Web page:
Vedanta thinks its natural resources and semiconductors businesses can play a bigger role in an independent India as the globe shifts toward semiconductors and electric vehicles with China plus one in mind.
Anil Agarwal, chairman of Vedanta, reportedly stated at the annual general meeting that India had outperformed other nations amid inflationary and recessionary pressure, and the China-plus-one agreement had also placed India in a favourable position. He also stated that structurally, the world is moving towards a mineral-intensive future, with supply remaining a challenge as demand will be strong.
In this context, Vedanta and Foxconn have partnered to invest in semiconductors and panels in India, where the semiconductor market is anticipated to surpass US$80 billion in 2026 and reach US$110 billion in 2030, according to Agarwal.
Agarwal made a statement regarding natural resources, saying Vedanta would invest US$2 billion in oil, gas, and aluminium in the fiscal year 2023.
On the other hand, nickel, which is in high demand because of EVs and batteries, is produced exclusively by Vedanta as a result of its acquisition of Nicolet.
The natural resource sector will be crucial to India’s growth and employment story, according to Agarwal, who also said that even modest policy changes can help the sector reach its full potential. This is according to Hindustan Times.
The comments made by Agarwal might allude to the mining liberalisation that is being discussed in India’s current parliamentary session. According to Bloomberg, which cited sources with knowledge of the situation, India is considering allowing private miners to extract more minerals, such as lithium, beryllium, and zirconium. This would help India become less dependent on imports and increase its competitiveness in the battery supply chain. China is now the top lithium refiner, with Australia and Latin America producing the majority of the world’s lithium raw materials.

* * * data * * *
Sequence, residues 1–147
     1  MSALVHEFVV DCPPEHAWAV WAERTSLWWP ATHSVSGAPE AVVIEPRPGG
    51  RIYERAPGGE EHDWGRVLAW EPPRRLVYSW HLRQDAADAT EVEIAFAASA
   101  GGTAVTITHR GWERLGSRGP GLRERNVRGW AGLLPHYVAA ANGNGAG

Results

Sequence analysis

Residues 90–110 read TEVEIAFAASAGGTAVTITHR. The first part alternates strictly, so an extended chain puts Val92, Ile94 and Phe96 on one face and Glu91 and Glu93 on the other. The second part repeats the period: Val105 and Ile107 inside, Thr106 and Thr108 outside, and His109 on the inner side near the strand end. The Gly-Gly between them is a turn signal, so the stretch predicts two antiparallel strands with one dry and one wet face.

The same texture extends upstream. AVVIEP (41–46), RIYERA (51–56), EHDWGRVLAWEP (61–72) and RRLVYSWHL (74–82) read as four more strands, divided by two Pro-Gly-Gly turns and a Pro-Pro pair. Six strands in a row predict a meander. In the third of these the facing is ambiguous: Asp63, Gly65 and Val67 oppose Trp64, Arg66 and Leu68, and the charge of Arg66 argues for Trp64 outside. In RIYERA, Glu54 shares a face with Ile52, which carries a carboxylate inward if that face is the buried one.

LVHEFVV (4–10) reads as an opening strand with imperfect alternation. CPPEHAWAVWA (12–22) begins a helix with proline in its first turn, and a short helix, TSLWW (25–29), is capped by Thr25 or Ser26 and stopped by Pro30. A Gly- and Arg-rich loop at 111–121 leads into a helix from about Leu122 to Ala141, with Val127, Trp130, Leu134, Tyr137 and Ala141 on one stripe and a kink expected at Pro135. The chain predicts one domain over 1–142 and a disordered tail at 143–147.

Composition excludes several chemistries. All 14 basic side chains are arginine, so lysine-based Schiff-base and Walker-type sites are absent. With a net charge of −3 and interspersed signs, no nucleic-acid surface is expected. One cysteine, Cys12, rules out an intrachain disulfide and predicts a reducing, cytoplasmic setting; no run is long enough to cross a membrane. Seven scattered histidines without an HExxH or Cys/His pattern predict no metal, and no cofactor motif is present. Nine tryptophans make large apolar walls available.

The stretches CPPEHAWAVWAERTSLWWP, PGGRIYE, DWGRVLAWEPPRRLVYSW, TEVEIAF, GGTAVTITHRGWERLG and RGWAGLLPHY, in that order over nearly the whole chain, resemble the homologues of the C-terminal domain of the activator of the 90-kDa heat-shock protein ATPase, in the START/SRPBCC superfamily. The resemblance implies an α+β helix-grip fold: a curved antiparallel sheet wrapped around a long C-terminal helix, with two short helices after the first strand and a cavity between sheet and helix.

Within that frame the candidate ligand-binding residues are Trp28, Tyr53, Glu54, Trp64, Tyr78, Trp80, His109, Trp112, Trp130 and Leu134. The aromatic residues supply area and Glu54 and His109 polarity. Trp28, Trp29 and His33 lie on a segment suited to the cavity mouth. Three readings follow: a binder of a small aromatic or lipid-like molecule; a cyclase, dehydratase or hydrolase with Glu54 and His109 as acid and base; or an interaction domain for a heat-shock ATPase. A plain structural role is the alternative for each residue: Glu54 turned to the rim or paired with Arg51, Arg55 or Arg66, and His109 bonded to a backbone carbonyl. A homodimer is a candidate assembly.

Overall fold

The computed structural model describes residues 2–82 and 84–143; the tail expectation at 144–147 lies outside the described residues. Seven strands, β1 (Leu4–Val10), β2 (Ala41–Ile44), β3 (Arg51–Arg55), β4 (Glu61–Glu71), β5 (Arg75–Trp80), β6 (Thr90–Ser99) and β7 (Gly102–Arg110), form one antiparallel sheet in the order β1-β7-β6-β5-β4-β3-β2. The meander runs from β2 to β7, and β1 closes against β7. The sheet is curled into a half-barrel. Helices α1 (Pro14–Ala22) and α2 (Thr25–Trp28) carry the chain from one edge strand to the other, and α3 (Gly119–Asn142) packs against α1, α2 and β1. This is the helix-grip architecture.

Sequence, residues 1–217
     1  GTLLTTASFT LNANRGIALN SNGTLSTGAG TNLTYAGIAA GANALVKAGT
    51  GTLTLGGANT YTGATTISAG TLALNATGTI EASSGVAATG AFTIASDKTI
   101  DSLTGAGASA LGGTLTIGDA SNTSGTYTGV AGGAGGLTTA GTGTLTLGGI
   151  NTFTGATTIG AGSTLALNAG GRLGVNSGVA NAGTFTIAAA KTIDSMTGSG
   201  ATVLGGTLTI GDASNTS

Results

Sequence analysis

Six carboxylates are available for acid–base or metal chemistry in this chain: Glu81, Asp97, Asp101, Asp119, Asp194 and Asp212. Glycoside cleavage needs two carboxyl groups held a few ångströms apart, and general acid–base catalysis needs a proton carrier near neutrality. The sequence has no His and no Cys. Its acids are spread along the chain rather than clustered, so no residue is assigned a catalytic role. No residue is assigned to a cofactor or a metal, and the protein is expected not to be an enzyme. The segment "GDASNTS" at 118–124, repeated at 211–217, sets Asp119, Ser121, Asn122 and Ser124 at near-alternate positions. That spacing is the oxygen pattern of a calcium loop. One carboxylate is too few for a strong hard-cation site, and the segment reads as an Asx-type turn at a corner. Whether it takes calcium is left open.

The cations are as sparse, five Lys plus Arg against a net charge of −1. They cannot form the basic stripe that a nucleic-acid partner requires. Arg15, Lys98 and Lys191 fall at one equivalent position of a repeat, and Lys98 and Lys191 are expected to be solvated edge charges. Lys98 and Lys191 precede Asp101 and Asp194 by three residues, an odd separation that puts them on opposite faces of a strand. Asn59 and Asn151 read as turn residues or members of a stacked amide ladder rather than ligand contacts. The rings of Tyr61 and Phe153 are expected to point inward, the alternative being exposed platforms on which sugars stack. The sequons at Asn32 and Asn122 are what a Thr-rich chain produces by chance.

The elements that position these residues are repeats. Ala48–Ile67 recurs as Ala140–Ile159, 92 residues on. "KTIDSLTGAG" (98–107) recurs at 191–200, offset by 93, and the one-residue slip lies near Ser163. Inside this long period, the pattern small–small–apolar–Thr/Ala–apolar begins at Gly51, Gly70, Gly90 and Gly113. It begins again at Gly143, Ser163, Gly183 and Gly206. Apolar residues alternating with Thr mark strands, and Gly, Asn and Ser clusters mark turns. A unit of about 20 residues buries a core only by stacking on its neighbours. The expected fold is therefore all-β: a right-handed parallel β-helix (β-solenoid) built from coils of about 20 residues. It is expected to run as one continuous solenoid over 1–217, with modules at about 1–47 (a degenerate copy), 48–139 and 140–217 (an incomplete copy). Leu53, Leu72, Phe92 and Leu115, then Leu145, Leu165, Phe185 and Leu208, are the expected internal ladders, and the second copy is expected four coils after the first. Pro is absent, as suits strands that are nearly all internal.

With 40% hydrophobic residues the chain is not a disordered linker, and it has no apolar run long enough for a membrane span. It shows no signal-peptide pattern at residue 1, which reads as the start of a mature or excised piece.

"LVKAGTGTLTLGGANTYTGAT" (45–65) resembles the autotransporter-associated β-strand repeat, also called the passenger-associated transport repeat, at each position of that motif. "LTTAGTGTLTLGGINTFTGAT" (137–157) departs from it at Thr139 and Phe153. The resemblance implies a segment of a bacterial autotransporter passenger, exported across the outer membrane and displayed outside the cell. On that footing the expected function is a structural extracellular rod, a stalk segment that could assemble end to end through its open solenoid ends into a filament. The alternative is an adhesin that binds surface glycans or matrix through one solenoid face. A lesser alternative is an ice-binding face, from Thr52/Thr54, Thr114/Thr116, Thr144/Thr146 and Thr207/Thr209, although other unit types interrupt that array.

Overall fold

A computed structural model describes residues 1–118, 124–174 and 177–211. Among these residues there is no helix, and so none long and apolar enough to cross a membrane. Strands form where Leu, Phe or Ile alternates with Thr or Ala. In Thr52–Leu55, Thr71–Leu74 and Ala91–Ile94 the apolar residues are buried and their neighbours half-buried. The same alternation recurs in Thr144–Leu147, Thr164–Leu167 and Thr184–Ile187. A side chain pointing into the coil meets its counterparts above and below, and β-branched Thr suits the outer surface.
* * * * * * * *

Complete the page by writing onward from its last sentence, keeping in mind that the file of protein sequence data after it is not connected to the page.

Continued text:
In an interview with Hindu BusinessLine, Agarwal claimed that India imports semiconductor and panel glass worth US$16 billion every year and that Vedanta has been producing optical fibres for the past 25 years. As a result of acquiring AvanStrate from Japan, Vedanta is now one of the few businesses in the world capable of producing panel glass.
Agarwal claimed that the plans from Karnataka, Maharashtra, and Gujarat are being evaluated by Vedanta and Foxconn with assistance from Boston Consulting Group. Vedanta plans to invest INR$20 billion in the semiconductor industry, starting with an initial INR8–10 billion investment.